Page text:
The Newman room epitomises a depressing pattern among the first generation of abstract expressionists. They struggled for a way to express the existential condition of mankind (the inner life of womankind being pretty much irrelevant to that crowd). Each endured failed experiments and imitation: Pollock emulated the Mexican muralists and Picasso; Motherwell mimicked the French surrealists; Baziotes copied Miró. But by the late 1940s, all had their signature styles, and MoMA’s exhibition documents both the pop-pop of epiphanies and how little each artist evolved after experiencing one.
Consider Rothko: his 1944 work “Slow Swirl at the Edge of the Sea” shows him in thrall to surrealists such as Roberto Matta. Its two puppets teeter at the edge of a brown horizon, evoking life but not people. He said that the forms “have no direct association with any particular visible experience, but in them one recognises the principle and passion of organisms”. By 1948, Rothko had translated these complex slivers of vitality into a series of shimmering, amorphous slabs that jostled for space on the canvas. A year later, he arrived at his trademark arrangement: stacked blobs in vibrant colours, floating in the space that breathes around them. Rothko never varied his basic format, and he was still stuck playing with his coloured blocks in 1970, the year of his suicide. His palette darkened in tandem with his mood, but a Rothko never looks like anything other than a Rothko.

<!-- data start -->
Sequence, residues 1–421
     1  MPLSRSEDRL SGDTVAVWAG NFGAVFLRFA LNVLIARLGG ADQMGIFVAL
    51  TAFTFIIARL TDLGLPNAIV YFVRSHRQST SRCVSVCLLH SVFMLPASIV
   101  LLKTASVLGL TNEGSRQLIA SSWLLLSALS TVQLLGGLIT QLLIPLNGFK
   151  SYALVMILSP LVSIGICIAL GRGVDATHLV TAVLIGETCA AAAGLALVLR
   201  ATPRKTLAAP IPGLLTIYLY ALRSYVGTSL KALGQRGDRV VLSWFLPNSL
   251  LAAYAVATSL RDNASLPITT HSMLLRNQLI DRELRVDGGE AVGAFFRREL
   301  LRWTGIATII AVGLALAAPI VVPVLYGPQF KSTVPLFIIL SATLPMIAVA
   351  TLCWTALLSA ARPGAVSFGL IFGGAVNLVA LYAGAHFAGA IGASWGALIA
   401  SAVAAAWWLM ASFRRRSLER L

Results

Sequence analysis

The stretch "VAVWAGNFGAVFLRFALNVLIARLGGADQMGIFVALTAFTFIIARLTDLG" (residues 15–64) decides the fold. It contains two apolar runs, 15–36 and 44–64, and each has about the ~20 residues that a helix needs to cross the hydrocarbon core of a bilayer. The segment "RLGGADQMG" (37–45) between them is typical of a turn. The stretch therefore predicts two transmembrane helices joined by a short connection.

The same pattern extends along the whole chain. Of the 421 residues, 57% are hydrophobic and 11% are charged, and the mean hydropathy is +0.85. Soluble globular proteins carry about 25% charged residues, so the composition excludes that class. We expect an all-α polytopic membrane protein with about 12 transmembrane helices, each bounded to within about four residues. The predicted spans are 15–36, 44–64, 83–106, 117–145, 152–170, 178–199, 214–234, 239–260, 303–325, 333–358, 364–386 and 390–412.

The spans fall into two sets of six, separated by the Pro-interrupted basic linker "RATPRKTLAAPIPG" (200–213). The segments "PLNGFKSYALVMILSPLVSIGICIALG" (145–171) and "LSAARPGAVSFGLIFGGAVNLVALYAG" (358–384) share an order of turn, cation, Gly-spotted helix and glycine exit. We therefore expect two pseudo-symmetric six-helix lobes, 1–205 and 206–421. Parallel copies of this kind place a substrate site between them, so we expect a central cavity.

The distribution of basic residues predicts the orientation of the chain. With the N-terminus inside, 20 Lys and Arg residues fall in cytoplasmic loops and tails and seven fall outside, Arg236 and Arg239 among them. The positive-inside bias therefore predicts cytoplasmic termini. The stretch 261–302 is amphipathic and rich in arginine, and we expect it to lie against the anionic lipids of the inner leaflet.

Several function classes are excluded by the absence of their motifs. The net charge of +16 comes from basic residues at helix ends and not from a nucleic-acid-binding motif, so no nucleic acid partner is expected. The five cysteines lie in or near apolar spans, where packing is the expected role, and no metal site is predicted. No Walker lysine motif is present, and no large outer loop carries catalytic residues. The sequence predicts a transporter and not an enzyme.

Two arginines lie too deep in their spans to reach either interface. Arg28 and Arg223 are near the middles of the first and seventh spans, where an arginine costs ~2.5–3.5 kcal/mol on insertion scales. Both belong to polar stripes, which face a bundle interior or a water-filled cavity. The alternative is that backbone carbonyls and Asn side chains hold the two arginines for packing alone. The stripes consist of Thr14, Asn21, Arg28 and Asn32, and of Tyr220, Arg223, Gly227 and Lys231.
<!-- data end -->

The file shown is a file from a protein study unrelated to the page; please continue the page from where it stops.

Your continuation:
|‘Canto VII’ (1963) by Barnett Newman|
Each of these artists developed a dramatic gesture that eventually turned into a gimmick. Franz Kline slashed thick black strokes across every white ground, and the MoMA exhibition contains no fewer than four of these repetitive exercises. For 15 years, Adolph Gottlieb was consumed with “Pictographs”, consisting of a grid of compartments, each one stuffed with one of several recurring motifs. By 1956, he had tired of the lattice arrangement, and so he settled on a new obsession: the “Bursts”, which pair a contained ovular form in the top half of the canvas with dense brushstrokes below. MoMA offers only one “Burst”, which, far from seeming skimpy, preserves the explosive impact of a fresh idea.
Pollock alone seemed dissatisfied with a single, autograph style. In “One: Number 31” (1950) diaphanous ribbons of paint float against an all-white ground. Air flows in and around them, and the whole picture exhales. At other times, a warring desire to fill every last millimetre holds sway. He splashed layer upon layer of pigment on “White Light” (1954), for instance, clogging the surface with dense, congealed matter. He also veered feverishly from figuration to abstraction and back again; “Easter and the Totem”, painted only a year before “White Light”, contains broad pink and flesh-toned areas arousing subliminal associations with the human form.
The text panels duly rehearse the rhetoric of artists intoxicated with their own soulfulness. Even as he kept cranking out “zips”, Newman expressed the hope “that my painting has the impact of giving someone, as it did me, the feeling of his own totality, of his own separateness, of his own individuality, and at the same time his connection to others”. Abstract expressionists invoked the sublime, tragedy and the all-encompassing void, but they wielded the decorator’s tools. The accumulation of patterns and luscious colours on MoMA’s walls suggests that Newman and his fellow high priests were compensating for a shameful truth that lurked on the surface of those awesome depths: their paintings are really quite pretty. www.moma.org